I have been blessed many times. My greatest blessing, though, has been having my mother survive cancer three times to be a part of my life for all of this time.

I could have lost her when I was an infant. It was bad then. It was thyroid cancer but, quite advanced. She had surgery and it honestly it didn’t look good. But, she is a fighter. She insisted on being home for my first Christmas, after being in the hospital for almost a month. She insisted she be released so that she wouldn’t miss it. I have seen pictures and she looks so thin, and so frail but, to me, she was just my mommy.

Growing up, I guess from what I overheard, I always knew that I couldn’t take her life for granted. And, I may not have been a perfect daughter but, I never have. I love her more than words can even express.

After beating cancer the first time, she had to deal with an adulterous and sometimes cruel husband. A terrible time to have to deal with at any time, let alone while trying to  deal with all of the emotional baggage that comes with being diagnosed at such a young age. My mom was even younger than I was. She was in her twenties.  I think at one point his excuse for starting an affair was “I thought you were going to die”. Really?

But, she soldiered on. Sure, she was upset. I remember her crying when I was young but, she picked herself up by her bootstraps and kept going. She kept the house, got a job and worked her way up from the mail room to a professional position. I remember stuffing envelopes at the kitchen table for her when I was a kid. She worked her ass off to make enough to take care of me and Chrissy. She never complained and she never, ever called in sick. We always had plenty to eat, clothes to wear. We were taught at an early age to use our imaginations and to always do our best. We were brought up to believe that we could do anything we set our minds to.

In addition to taking care of us and working full-time, my mother found the time to go out and enjoy herself, too. I remember watching her get ready to go out with friends.  At the time Olivia Newton John hot pants were in vogue and my mother could pull them off. I used to watch her do her make up as she listened to Donna Summer on the stereo.  I was so proud of her and wanted to be just like her when I grew up. She was strong, independent, beautiful and living her life to the fullest.

She eventually met my “father” and got remarried. She then had her third child, Lori. It was amazing to me to watch how wonderful and natural a mother she was to Lori when she was an infant. I certainly had a wonderful role model for when I had my children.  We were a complete family then and I was so lucky, once again, that my mother had picked a man who treated Chrissy and I as his own. No better or worse than his own birth child. I know that this is a rare gift. I don’t underestimate the blessing we received by getting a second chance at a father.

Unfortunately, my mom was diagnosed with breast cancer when I was in college. My worst nightmare had come true. It is amazing, though, that although it was a moment I had dreaded my entire life, we survived! I remember playing games with the family and laughing the night before her surgery. I am so lucky to have a family that just “gets on with it”. We don’t wallow. We just do.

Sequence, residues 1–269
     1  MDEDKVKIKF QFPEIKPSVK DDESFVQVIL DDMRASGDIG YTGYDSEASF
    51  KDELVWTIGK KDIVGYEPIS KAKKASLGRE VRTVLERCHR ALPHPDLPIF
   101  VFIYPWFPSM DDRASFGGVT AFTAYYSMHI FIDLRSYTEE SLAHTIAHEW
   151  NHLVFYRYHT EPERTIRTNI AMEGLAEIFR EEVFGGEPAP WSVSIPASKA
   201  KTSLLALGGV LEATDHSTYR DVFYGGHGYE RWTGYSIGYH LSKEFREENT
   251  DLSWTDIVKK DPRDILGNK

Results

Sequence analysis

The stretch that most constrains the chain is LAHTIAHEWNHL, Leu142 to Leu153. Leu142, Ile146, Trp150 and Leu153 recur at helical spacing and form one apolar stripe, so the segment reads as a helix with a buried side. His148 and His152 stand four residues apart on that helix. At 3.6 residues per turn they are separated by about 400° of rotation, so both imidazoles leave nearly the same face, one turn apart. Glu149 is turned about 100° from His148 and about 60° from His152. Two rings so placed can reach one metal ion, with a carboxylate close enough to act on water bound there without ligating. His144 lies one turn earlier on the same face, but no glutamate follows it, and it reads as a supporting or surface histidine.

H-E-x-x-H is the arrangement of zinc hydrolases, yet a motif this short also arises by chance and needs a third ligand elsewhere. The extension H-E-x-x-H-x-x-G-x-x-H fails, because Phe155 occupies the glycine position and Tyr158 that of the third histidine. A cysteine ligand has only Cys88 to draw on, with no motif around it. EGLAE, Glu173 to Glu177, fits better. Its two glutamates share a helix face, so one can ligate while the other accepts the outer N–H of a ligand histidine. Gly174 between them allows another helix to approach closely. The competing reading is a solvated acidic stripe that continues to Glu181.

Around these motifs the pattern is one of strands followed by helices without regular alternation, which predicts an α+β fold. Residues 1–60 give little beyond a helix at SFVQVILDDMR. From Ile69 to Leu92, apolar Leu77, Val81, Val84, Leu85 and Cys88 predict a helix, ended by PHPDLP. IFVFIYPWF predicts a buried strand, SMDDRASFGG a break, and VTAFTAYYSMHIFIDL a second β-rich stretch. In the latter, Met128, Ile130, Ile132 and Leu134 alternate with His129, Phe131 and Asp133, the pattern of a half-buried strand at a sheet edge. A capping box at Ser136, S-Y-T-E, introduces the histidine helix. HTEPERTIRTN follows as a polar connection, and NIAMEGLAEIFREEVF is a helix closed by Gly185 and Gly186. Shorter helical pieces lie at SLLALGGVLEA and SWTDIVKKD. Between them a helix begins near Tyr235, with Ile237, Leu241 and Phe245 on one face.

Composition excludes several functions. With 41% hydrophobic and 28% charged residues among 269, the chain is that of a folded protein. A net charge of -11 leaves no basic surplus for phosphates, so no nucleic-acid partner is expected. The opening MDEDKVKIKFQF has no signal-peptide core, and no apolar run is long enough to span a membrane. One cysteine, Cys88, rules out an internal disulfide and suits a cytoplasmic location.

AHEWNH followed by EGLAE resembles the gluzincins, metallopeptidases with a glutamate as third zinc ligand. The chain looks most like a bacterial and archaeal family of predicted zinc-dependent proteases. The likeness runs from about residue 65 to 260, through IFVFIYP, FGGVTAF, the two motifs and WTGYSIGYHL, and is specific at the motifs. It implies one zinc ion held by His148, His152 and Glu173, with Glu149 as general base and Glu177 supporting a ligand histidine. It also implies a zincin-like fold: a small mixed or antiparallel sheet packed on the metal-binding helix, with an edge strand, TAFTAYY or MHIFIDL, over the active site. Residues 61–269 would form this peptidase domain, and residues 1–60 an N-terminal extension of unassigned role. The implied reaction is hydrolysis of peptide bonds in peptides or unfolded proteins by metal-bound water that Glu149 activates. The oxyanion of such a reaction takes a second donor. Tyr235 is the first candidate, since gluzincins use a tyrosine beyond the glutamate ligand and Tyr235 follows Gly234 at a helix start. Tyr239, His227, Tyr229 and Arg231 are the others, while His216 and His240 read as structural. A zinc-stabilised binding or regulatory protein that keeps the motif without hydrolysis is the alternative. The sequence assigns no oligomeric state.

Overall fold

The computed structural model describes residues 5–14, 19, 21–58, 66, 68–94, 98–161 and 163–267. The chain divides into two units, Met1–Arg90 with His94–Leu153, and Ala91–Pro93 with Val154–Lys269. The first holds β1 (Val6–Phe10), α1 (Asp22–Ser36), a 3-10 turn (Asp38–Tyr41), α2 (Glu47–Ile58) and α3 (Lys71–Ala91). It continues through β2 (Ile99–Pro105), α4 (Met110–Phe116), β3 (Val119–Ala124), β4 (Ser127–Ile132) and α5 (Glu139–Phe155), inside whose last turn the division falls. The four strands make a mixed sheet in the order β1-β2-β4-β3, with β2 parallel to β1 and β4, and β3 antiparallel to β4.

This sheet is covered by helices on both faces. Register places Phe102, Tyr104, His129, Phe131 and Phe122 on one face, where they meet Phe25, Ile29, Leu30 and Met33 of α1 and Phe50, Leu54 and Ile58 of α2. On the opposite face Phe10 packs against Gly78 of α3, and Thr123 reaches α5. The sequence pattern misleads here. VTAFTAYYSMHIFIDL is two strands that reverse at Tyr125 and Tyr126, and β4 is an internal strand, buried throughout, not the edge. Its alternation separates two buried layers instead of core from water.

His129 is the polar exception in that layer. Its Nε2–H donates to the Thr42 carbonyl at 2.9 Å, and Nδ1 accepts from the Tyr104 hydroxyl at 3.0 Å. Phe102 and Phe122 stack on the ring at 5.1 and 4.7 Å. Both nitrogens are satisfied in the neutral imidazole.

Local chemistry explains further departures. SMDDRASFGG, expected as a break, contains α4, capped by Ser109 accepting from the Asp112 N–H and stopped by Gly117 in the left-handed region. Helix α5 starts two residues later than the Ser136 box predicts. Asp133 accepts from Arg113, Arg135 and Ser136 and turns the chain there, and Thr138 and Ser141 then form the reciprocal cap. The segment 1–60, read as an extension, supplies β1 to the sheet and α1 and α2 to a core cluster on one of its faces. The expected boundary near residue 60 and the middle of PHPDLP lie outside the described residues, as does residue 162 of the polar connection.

Mom had her surgeries and luckily, no treatment other than a pill a day was needed. We had dodged another bullet. Again, what life lessons to be learned. The moment she could get up and around, she did. She was back to her life in the shortest possible time and that was that. Chin up and shoulders back. Life went on.  We were lucky she was alive. We knew it, she knew it, and we were all so thrilled that we looked toward the future rather than railing at God that she had been struck twice by this awful disease.

She was wonderful when I had my babies and a rock for me when I was diagnosed. I can’t imagine the heartache she must have felt that her child had to go through what I had to go through. Honestly, the way I got through a lot of my ordeal was to say to myself “at least it’s not my child”. She couldn’t do that. It was her child.

Imagine, at the same time, she started to have pain in her hip. It got worse and worse. By the time she went to the doctor, we were told that it was a recurrence of the cancer that had metastasized to her hip bone. I was proud and honored to go to every doctor visit with her and every treatment she had. I am also proud and elated to let you know that was in 2003 and she has been cancer free since her original treatment. She declared a miracle in the doctor’s office and he didn’t disagree. It has been 8 years. (Knock on wood , please!). In any case, she continues to live her life with vigor and happiness. She is passionate about her children and grandchildren, a wonderful friend, an exemplary professional and a true hero.

There have been so many people who I have known, both before and after I was diagnosed myself, who I know were inspired by my mother’s three time survival and her continued positive attitude and faith in God. Instead of feeling that she is unlucky to have had to battle this three times, she feels lucky that she has been able to beat it. Instead of feeling angry at a man who deserted her emotionally and physically when she needed him most, she has often said if it weren’t for him, she wouldn’t have my sister and I. She is just an amazing woman and I would never, ever, have been able to get as far as I have in my life without her influence, her example and her love.

Thank you, Mommy.